Every aspect of Saturday’s game set up well for Maryland to break a two-game losing streak and clinch bowl eligibility.

The Terps’ bye week gave them an opportunity to reset and built anticipation for the next win. The time off also helped shrink an injury list that featured too many starters. Their schedule featured a sub-.500 team with an interim head coach that had just one Power Five win.

Maryland’s first five offensive plays — which gained 66 yards and ended with a Tai Felton touchdown — felt like the start of a blowout. Instead, they were just the opening act to a disastrous 33-27 loss to Northwestern, the program’s second straight loss to a supposedly inferior opponent.

The Terps squandered a prime chance at bowl eligibility in a loss that featured the usual suspects: baffling turnovers, untimely penalties and a leaky defense.

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“They outplayed us; they outhustled us; they outhit us,” Maryland coach Michael Locksley said. “And, when that happens, you have to look at everything, including myself and all the way down on the roster. Everybody who made this trip played a part in what happened today, and it’s really disappointing.”

Co-offensive coordinator Kevin Sumlin did not travel to Evanston, Illinois, due to a DUI charge last weekend — another concern for a Terps squad that’s close to seeing its season unravel.

They had a chance for a win, driving to the Wildcats’ 31 with nearly a minute and a half remaining. But Taulia Tagovailoa’s final pass of the game sailed over a slipping Corey Dyches and into the arms of a waiting Coco Azema.

The pick was Tagovailoa’s second turnover of the game. The first came on Maryland’s second drive. The quarterback took a deep drop and readied to fire downfield. But the ball slipped from his grasp during the windup and Northwestern recovered.

“Nothing I can say other than I don’t know how the ball fell out of his hand,” Locksley said.

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Those weren’t the only Maryland mistakes. Four Terps penalties each gave Northwestern 15 yards: a kick-catch interference, a pass interference, an unnecessary roughness and an unsportsmanlike conduct. Another unsportsmanlike conduct inside the Maryland 5-yard line cost 3 yards.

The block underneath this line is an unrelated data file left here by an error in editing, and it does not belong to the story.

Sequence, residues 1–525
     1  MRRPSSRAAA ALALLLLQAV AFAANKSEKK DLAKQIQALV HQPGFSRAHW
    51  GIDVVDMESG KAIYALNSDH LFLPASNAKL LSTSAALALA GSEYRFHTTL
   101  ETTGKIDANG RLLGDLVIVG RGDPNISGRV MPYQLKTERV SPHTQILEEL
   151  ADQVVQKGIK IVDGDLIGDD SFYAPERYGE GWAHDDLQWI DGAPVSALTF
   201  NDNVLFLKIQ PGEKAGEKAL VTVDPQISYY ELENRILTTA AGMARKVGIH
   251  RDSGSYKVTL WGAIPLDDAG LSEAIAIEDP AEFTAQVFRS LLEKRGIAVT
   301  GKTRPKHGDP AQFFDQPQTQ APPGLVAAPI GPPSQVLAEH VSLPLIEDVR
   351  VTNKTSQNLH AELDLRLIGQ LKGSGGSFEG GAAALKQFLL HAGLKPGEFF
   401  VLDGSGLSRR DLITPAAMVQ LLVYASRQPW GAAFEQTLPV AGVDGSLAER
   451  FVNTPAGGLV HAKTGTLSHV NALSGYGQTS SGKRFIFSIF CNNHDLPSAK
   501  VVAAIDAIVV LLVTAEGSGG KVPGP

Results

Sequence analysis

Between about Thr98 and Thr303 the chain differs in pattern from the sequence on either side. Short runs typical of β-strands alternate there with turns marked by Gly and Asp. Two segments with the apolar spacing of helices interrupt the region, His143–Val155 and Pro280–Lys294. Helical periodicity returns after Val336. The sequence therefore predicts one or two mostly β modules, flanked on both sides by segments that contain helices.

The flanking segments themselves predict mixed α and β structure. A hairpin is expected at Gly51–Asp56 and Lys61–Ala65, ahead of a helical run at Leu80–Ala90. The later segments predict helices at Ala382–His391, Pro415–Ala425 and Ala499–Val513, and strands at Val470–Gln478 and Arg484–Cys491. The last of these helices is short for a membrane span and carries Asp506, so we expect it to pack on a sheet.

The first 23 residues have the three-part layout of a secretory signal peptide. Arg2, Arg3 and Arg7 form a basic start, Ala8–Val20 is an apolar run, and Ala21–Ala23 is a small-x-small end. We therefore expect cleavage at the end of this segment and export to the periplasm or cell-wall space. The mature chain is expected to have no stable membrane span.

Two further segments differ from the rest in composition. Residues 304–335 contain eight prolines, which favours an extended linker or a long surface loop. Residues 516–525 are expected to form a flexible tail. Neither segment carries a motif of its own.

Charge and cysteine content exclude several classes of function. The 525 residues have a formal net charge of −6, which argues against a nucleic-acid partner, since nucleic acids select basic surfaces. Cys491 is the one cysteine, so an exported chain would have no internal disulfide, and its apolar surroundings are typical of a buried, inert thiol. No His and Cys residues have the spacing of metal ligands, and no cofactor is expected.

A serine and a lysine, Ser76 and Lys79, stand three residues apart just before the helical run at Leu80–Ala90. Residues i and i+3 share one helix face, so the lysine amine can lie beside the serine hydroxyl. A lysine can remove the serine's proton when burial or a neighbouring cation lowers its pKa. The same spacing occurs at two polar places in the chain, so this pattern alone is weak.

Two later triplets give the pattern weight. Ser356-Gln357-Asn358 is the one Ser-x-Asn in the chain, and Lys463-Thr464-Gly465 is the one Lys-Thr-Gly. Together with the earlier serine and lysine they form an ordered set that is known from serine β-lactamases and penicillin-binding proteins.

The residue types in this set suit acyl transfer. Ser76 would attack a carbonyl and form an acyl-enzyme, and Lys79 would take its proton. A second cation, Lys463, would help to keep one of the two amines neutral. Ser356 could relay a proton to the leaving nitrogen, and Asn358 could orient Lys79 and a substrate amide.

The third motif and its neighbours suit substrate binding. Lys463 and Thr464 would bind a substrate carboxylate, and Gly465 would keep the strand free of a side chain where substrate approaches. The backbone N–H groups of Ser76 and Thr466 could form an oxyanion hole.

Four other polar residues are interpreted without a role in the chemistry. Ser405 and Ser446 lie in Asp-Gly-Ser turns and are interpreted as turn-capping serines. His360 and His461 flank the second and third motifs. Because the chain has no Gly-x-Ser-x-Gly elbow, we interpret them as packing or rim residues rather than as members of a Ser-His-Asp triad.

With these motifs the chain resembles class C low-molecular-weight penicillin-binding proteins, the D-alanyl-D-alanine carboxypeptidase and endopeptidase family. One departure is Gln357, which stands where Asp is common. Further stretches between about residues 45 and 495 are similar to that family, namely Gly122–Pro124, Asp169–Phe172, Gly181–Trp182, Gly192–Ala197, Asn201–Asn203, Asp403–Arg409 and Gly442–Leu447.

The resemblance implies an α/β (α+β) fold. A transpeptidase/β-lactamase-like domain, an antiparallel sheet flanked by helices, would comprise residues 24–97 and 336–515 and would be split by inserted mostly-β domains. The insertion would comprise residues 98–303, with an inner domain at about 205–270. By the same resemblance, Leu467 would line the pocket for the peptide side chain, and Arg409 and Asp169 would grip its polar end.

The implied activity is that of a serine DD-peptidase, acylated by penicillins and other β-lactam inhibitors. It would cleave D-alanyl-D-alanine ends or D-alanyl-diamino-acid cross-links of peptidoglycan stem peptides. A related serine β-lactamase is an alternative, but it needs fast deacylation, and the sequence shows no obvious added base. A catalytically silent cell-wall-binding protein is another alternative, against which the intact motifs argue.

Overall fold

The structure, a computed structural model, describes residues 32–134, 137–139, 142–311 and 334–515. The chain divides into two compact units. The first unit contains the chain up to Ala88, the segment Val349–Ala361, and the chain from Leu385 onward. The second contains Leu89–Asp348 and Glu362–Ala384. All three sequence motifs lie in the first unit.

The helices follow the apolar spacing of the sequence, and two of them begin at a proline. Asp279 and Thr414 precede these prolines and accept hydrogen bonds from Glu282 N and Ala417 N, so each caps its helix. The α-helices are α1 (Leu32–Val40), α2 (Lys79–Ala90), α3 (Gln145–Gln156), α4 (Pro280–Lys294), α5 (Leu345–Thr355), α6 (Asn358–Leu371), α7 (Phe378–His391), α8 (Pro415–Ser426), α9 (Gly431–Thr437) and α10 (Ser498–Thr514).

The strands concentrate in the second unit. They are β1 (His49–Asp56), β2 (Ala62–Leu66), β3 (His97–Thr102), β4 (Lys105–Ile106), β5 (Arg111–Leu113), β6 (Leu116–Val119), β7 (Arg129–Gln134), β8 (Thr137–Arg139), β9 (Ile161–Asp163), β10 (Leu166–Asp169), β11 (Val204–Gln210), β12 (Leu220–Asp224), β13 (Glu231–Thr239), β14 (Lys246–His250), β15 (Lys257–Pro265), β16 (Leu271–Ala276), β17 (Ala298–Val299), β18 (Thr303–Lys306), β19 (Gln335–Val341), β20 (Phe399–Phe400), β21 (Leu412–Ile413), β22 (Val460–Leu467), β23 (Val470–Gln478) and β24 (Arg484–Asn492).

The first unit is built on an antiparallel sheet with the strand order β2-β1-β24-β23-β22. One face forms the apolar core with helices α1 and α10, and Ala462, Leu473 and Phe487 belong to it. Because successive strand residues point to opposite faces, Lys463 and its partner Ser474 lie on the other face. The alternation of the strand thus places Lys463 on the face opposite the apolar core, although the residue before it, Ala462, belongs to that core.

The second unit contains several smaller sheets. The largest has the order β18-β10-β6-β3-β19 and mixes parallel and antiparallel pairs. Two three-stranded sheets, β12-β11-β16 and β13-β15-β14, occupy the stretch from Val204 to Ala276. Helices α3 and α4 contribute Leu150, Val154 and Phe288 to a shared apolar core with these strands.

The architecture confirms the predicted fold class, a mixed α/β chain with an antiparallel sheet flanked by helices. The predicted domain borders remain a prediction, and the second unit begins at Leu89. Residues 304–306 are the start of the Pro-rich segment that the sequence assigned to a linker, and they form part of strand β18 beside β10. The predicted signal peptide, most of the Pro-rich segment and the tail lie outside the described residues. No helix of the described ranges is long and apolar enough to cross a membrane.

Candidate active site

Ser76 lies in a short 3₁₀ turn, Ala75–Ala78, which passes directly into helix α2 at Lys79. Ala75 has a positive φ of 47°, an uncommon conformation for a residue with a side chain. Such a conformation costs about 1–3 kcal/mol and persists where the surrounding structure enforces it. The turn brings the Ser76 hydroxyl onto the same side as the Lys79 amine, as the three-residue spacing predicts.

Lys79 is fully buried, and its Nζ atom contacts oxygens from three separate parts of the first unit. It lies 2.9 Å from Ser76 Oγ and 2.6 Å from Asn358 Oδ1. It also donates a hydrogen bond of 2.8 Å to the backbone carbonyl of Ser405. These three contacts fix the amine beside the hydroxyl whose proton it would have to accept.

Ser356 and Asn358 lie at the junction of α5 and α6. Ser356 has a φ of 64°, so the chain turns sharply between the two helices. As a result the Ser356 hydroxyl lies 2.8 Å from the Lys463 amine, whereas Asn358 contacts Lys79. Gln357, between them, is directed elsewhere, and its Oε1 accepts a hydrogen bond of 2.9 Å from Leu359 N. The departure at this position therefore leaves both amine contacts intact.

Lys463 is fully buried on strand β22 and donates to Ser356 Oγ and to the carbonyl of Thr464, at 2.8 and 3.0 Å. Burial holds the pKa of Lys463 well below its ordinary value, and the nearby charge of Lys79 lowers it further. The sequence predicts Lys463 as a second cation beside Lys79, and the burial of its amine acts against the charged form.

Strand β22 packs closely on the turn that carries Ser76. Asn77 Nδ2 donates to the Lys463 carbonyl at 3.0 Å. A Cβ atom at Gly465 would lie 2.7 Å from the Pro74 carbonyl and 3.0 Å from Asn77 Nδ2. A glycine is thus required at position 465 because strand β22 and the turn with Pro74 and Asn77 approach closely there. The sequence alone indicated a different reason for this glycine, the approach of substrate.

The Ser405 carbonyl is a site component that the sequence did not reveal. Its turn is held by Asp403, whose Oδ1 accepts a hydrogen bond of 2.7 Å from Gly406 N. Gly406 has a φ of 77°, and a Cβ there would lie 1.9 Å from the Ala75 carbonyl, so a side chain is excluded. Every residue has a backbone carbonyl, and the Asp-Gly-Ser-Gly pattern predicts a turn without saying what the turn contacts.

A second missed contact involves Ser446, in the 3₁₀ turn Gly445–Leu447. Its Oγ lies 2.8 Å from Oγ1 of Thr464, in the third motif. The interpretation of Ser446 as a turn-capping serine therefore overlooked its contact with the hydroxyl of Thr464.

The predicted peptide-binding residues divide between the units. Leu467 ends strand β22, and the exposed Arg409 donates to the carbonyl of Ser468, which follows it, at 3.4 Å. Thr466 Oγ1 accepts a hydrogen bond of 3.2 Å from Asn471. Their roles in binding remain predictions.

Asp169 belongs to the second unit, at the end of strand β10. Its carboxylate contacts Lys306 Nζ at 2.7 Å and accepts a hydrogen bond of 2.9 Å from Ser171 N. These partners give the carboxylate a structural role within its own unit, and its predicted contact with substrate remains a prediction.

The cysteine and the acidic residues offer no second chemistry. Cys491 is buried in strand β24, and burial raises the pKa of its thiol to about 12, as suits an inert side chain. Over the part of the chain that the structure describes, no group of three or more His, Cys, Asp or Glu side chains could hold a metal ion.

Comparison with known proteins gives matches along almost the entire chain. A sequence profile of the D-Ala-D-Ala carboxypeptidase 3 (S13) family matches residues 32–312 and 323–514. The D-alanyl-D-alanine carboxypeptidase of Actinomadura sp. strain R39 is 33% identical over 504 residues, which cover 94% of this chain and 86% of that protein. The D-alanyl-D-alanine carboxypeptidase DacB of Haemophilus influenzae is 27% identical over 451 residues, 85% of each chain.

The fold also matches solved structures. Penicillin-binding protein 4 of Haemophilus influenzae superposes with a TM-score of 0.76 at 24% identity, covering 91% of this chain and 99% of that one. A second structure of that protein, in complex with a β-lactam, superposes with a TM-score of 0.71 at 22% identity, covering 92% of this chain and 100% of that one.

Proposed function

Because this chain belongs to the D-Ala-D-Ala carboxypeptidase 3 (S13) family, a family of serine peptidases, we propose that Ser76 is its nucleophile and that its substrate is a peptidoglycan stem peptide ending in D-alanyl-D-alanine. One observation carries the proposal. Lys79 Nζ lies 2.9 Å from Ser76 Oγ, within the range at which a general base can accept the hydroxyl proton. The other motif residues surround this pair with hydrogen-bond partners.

The fouls helped what had previously been a stagnant Northwestern offense erupt. The first unsportsmanlike conduct, on redshirt senior linebacker Fa’Najae Gotay for shoving a Wildcat’s facemask after the play, came on a drive on which Northwestern scored a touchdown.

Redshirt junior Riyad Wilmot shoved Brendan Sullivan to the ground on the opening play of the second quarter even though the quarterback was well out of bounds. The unnecessary roughness turned a 6-yard gain into 21. The Wildcats ended the drive with a touchdown to take their first lead — one they never relinquished.

“We talked to [the team] prior to the game that this [officiating] team is going to officiate it really close and really tight,” Locksley said. “... After-the-play stuff is stuff that I don’t condone, and those are the things that are killing us right now.”

Maryland’s defense continued its midseason swoon — it has allowed at least 27 points in each of the last three games after not allowing more than 20 in its first five games.

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Northwestern entered the game with putrid offensive numbers. It ranked 106th in the country in CFBGraph’s measure of expected points added per play — a stat that models how many points an offense gained or lost on a specific play, accounting for down, distance and other factors. Howard, a 4-4 team in the Mid-Eastern Athletic Conference, limited Northwestern to 23 points.

Sullivan entered the year as the Wildcats’ backup and was making his third straight start. That, combined with the fact that Maryland played him last year in its seven-point win against Northwestern, meant the Terps had plenty of film on a player it should have exploited.

Instead, the junior went 16-for-23 for 265 yards and a pair of touchdowns. He averaged a robust 0.34 EPA per drop-back, in the 80th percentile per Game on Paper.

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The defense showed mild moments of progress, holding inside its own 11-yard-line on two occasions in a second half in which it didn’t allow a touchdown. But Maryland’s offense, a unit that scored on its third drive after the fluky Tagovailoa fumble, sputtered.

The Terps went without a touchdown on seven drives, a span that stretched from late in the first quarter to the beginning of the fourth. Tagovailoa finished with 274 yards on a whopping 47 attempts. He took six sacks from a Northwestern team that entered the game a Big Ten-worst 10th. Tagovailoa finished with -0.27 EPA per drop-back — a mark in the 21st percentile.

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Despite it all, Maryland got that final chance at victory and seemed ready to capitalize — quickly driving into Wildcats territory. Tagovailoa fired an incomplete pass down the left sideline to Felton — a ball at the outskirts of the receiver’s reach but still catchable. The pick happened on the very next play.

“There was a drop,” Locksley said of the pass to Felton. “... We both have a responsibility within that relationship, coach and player. Players got to make plays, and coaches got to make sure we coach better. And both those plays were plays that could and should have been made. They weren’t, but that was the story of the day for us.”

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